PHOTOGRAPHS: FG received a stolen Ile-Ife artifact from Mexico

Geoffrey Onyeama, the foreign minister, received a stolen Ile-Ife artifact taken from Mexico.

Receiving the artifact on Thursday in Abuja, the minister called for a safer border to prevent future thefts.

According to NAN, Onyeama collected the artifact from Yakubu Dadu, charge d’affaires of the Nigerian mission in Mexico.

The minister welcomed the embassy’s efforts to recover the artifact.

He said that the interventions of Nigerian envoys in the recovery of the stolen possessions of the country show important deeds that they did against the negative reports of Nigerian missions on social networks.

Onyeama also thanked the Mexican government for its cooperation in ensuring that the artifact was properly returned to Nigeria.

However, he stressed the need to sensitize customs officers at the borders, explaining that it is better to ensure the theft of national heritage than to start negotiations on their return after the theft.

“This bronze Ife was stolen from Nigeria, it was intercepted in Mexico by our then ambassador Amb. Aminu Iyawa, was very dynamic when he noticed that he was being shown at the airport in Mexico and he was a bit suspicious, ”Onyeama said.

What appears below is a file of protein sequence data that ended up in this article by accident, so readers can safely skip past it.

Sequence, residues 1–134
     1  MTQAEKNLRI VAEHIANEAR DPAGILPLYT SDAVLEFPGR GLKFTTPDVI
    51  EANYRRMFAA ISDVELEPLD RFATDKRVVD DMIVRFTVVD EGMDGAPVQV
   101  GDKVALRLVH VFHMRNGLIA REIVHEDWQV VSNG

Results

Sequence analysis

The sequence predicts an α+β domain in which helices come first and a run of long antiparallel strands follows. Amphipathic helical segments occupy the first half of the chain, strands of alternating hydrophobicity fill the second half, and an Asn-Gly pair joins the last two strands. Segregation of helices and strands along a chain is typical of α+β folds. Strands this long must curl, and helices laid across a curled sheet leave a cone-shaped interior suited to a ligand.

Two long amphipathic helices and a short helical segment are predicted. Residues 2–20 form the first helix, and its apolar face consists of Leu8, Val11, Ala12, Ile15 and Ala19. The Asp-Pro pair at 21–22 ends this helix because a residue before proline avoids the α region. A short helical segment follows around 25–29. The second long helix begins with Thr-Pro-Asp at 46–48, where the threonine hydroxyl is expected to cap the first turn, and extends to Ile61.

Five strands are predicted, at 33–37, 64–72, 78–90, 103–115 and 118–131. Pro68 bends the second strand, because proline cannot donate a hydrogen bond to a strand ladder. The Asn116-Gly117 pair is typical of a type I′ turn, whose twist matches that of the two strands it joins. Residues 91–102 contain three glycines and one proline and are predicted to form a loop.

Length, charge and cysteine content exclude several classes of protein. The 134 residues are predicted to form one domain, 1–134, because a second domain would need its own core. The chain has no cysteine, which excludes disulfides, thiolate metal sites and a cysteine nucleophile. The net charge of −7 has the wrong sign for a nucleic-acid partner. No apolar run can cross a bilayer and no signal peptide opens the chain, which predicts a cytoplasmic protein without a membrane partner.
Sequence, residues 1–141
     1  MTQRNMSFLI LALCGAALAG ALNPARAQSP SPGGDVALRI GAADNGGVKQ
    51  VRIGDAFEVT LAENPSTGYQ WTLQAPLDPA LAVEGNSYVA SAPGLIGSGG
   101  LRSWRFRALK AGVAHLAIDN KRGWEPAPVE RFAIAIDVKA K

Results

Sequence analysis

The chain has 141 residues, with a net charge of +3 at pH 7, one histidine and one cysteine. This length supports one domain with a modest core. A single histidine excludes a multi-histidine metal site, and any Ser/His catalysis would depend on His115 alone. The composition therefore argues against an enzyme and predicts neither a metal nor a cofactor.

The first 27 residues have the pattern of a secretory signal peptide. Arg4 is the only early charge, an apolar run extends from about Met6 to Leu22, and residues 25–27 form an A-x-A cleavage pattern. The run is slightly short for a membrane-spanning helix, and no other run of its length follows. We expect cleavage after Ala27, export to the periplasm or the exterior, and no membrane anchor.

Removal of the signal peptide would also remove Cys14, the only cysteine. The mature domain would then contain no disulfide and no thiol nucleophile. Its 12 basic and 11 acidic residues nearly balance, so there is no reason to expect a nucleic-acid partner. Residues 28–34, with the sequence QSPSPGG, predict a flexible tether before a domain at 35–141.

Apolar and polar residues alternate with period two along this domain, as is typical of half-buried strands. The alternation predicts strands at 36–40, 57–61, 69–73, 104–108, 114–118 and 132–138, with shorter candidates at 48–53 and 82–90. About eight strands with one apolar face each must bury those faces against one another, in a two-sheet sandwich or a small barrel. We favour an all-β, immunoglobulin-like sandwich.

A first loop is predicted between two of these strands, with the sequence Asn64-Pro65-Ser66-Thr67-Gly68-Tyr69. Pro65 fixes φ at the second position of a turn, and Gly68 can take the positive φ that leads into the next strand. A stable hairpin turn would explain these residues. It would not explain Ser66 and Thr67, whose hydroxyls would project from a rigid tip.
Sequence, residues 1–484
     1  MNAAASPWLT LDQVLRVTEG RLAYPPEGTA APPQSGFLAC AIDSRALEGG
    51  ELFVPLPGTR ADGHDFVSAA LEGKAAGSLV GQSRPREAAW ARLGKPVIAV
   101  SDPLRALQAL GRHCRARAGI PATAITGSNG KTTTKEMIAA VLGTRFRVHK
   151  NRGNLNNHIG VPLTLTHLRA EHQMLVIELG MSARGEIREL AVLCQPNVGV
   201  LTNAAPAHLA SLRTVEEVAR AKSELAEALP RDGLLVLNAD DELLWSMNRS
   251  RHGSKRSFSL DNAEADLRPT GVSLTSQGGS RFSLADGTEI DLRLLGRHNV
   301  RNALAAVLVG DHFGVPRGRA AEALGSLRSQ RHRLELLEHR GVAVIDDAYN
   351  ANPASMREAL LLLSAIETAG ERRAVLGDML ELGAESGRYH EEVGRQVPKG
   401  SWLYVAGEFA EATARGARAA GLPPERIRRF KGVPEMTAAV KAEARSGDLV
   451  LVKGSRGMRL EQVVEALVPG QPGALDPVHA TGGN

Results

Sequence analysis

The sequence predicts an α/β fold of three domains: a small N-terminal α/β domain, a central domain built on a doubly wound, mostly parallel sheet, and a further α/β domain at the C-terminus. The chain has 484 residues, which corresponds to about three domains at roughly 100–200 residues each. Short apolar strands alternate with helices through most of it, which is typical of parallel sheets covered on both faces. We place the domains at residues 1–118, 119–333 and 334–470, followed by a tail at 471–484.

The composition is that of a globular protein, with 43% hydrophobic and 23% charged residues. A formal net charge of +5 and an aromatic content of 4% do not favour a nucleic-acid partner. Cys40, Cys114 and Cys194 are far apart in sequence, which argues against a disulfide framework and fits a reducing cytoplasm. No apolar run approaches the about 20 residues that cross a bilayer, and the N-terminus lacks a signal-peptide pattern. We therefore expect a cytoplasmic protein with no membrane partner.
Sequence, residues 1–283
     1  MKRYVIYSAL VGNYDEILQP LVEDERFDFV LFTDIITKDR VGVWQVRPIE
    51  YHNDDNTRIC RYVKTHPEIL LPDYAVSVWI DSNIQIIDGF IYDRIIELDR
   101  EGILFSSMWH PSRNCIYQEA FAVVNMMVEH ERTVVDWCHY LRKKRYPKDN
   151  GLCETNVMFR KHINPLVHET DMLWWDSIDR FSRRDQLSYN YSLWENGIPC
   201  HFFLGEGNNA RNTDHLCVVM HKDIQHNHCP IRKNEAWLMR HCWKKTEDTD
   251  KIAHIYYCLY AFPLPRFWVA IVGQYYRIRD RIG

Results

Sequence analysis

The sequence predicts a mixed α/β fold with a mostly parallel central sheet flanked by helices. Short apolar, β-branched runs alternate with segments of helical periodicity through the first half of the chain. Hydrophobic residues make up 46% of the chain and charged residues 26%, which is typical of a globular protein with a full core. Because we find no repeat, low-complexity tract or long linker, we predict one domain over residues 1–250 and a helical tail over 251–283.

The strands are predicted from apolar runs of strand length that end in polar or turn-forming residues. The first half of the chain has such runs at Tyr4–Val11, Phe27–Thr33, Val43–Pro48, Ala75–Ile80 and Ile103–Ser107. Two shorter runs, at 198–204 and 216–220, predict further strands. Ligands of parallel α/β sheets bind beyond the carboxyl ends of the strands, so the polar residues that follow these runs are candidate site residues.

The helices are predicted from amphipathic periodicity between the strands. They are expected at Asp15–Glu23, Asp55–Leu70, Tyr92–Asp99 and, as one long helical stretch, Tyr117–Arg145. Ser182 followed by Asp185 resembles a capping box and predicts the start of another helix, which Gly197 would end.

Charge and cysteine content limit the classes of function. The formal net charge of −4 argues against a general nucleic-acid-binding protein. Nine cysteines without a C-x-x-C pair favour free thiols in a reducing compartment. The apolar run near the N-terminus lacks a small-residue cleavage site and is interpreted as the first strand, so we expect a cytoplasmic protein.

“Thanks to his entrepreneurship, detective work and diplomatic skills, after a year he managed to discover the origin of the work and the fact that it was stolen, and he got involved with the Mexican authorities.

“And he managed to get the Mexican authorities after he proved that he is of Nigerian origin to be handed over to the Nigerian people.

“It was originally supposed to be delivered home last year, but due to the COVID-19 lock, it could not do so. All of this is part of the excellent work that our diplomatic missions abroad perform.

“Sometimes we have negative narratives on social media about our diplomatic missions, but I think it’s also important to recognize the important deeds they do as Mr. President’s envoys.

“Returning such things to the country requires a lot of negotiations, a lot of time to achieve such results.

“Customs officers should also be sensitized to let them know that there is a black market for these artifacts in order to take measures at the border.”

“We don’t want to negotiate when they are outside our territory, but what we can also do is secure them from within and ultimately it will be about intelligence and customs and border measures,” Onyeama said.

He said the artifact would be officially presented to the Minister of Information and Culture in the presence of the Mexican ambassador to Nigeria, after which it would be handed over to the National Commission for Museums and Monuments.

The development comes weeks after the Humboldt Forum, a museum of non-European art in Berlin, Germany announced plans to return the looted Benin bronzes to Nigeria.

The University of Aberdeen in Scotland has also expressed its readiness to do so return the plundered bronze of the Kingdom of Benin in its possession to Nigeria.

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